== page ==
The United States Patent and Trademark Office (PTO) has released guidelines explaining how patentees of recently issued patents may request the recalculation of the terms of their patents. This guidance arose from the Court of Appeals decision in Wyeth v. Kappos in January 2010, which held that the PTO had previously misapplied the statutory provisions relating to patent term adjustments.

At issue in Wyeth were two periods of patent term adjustments provided by the U.S. patent statute: (i) an adjustment period for delays caused by the PTO’s failure to adhere to prescribed deadlines for certain actions during the examination process; and (ii) an adjustment period for a patent that issues more than three years after its application date as a result of delays caused by the PTO.

In the past, the PTO had calculated the patent term adjustment as the longer of the adjustment periods of (i) and (ii). However, in Wyeth, the Court found that a patent term adjustment should be cumulative of the adjustments periods in (i) and (ii), except when the two periods overlap; in that case any period of overlap should then be subtracted from the cumulative total of the adjustment periods of (i) and (ii) to avoid double counting any period of overlap.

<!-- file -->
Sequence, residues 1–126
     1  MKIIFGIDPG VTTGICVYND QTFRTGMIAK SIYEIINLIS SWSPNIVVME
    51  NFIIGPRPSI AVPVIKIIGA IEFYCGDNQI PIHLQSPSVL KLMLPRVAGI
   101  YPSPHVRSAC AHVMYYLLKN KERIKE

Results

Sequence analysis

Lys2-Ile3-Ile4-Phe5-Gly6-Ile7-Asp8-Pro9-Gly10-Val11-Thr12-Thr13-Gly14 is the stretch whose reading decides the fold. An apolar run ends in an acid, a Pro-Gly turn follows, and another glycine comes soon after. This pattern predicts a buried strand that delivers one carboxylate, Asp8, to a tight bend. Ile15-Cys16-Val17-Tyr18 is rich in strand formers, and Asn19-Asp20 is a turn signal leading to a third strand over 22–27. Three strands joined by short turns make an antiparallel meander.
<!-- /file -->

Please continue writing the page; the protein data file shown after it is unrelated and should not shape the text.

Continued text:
As a result, when a patent issued with patent term adjustments based on both (i) PTO delays during examination and (ii) PTO delays resulting in issuance more than three years after filing, the Wyeth decision would generally lead to additional patent term being available to the patentee. In addition to announcing that it would not further appeal the Wyeth decision, the PTO has also provided guidance to patentees of recently issued patents so that they may request recalculation of their patent term adjustment. According to the new guidance, an applicant merely has to submit a request within 180 days of the issue date of the patent to request the PTO to reconsider the available patent term adjustment. The guidance includes a simple form that the patentee can complete to request recalculation.

Patentees considering seeking recalculation of their patent terms should also assess whether to concurrently pursue a civil action, especially if they are submitting their recalculation requests to the PTO close to the end of the 180-day period and if it is unclear whether the PTO will confirm a correction by the expiry of the period for requesting reconsideration.